- Carry out risk assessments
- Ensure business premises are safe
- Match those with specific experience to appropriate roles
- Ensure that complaints and disciplinary issues are acted upon
These are just a selection of the legal obligations which all employers take on when operating in the UK. There are others which are specific to individual industries but on the whole it is the legal obligation of all employers to ensure the safety and well-being of their employees.
Common injuries amongst international development workers
There are many different types of potential injuries which may be experienced when undertaking projects in different parts of the world. Some of the more common include:-
- Road traffic accidents
- Physical attacks
- Exposure to infectious diseases
- Slips, trips and falls in the workplace
- Post-traumatic stress disorder
- Injuries caused by insecure buildings
Looking at some of these issues, there is a temptation to assume that when signing up to volunteer/salaried work in dangerous countries/environments risk is simply “part of the job”. As mentioned above, there are obvious risks unique to this type of career and this makes risk assessments even more important.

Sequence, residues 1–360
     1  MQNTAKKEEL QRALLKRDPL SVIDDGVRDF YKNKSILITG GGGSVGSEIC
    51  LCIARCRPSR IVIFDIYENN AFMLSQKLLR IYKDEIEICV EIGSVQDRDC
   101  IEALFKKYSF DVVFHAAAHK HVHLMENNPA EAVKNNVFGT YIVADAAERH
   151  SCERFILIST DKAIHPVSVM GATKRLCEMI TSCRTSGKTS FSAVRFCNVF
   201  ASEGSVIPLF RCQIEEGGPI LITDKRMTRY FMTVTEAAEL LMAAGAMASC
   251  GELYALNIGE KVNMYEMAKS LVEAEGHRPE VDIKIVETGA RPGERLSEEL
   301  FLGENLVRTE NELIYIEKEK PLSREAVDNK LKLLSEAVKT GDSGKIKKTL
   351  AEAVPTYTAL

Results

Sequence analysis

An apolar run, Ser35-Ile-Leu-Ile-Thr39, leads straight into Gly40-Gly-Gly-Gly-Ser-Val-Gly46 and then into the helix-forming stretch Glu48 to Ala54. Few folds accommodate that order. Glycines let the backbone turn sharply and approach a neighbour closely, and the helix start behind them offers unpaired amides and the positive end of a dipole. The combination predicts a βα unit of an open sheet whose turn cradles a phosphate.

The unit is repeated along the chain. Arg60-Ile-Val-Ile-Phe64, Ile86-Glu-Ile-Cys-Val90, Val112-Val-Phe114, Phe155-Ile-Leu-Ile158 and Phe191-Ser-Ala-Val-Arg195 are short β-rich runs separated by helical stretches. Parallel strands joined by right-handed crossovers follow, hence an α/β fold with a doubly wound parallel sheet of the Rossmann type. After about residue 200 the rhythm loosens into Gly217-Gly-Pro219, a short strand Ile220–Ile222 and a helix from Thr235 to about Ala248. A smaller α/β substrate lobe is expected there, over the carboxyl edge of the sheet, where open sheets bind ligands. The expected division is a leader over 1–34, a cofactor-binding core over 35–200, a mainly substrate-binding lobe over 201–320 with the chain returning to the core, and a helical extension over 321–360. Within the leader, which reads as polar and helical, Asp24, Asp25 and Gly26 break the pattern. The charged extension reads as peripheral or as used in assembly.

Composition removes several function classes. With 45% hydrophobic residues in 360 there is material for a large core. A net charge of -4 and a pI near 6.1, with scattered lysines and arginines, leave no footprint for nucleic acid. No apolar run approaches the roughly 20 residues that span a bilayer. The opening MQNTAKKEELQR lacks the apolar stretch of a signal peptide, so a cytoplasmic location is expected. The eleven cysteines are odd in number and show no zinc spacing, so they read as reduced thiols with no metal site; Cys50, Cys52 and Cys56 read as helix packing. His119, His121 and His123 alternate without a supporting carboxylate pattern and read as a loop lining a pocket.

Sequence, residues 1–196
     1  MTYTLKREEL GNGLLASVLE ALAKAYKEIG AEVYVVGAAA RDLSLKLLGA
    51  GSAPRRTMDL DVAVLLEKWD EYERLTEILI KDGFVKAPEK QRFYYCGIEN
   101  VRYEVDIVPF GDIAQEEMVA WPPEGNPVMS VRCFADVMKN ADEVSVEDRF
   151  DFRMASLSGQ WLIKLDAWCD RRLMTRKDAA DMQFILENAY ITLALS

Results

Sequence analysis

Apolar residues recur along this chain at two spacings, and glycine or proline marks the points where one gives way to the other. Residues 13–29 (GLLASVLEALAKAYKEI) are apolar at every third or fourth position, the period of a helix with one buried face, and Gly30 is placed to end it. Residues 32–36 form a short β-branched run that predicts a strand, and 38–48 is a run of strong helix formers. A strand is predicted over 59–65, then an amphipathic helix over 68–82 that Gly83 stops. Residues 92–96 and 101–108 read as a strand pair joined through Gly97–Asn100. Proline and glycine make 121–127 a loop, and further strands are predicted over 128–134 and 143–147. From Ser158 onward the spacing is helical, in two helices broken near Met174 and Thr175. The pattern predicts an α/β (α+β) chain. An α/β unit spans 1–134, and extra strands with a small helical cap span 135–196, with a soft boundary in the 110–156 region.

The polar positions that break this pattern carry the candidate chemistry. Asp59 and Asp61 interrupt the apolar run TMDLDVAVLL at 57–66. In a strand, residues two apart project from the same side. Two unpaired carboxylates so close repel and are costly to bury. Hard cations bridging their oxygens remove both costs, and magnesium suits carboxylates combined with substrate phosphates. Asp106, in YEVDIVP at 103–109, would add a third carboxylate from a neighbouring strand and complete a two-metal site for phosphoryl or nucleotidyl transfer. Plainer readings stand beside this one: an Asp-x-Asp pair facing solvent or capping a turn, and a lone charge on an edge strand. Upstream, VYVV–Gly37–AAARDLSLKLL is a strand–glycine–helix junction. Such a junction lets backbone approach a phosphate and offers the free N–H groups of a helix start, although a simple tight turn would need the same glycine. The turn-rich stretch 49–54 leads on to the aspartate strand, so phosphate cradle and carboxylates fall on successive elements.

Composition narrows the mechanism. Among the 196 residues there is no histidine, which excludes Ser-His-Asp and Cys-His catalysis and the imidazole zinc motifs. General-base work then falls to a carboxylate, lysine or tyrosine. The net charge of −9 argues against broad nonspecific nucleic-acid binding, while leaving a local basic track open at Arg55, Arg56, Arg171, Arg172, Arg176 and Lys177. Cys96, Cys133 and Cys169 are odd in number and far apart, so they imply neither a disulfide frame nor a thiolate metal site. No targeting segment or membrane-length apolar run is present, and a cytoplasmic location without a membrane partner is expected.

As a matter of course, international development bodies will now carry out risk assessments in relation to traditional work in their offices as well as work in the field. There will be situations, which have been highlighted in the press, where it is simply too dangerous for international development workers to be deployed. We have seen a number of instances where workers have been evacuated from areas where there is extreme risk to life. These risk assessments will be documented and retained going forward. They create a paper trail which may be required in the event of personal injury claims in the future.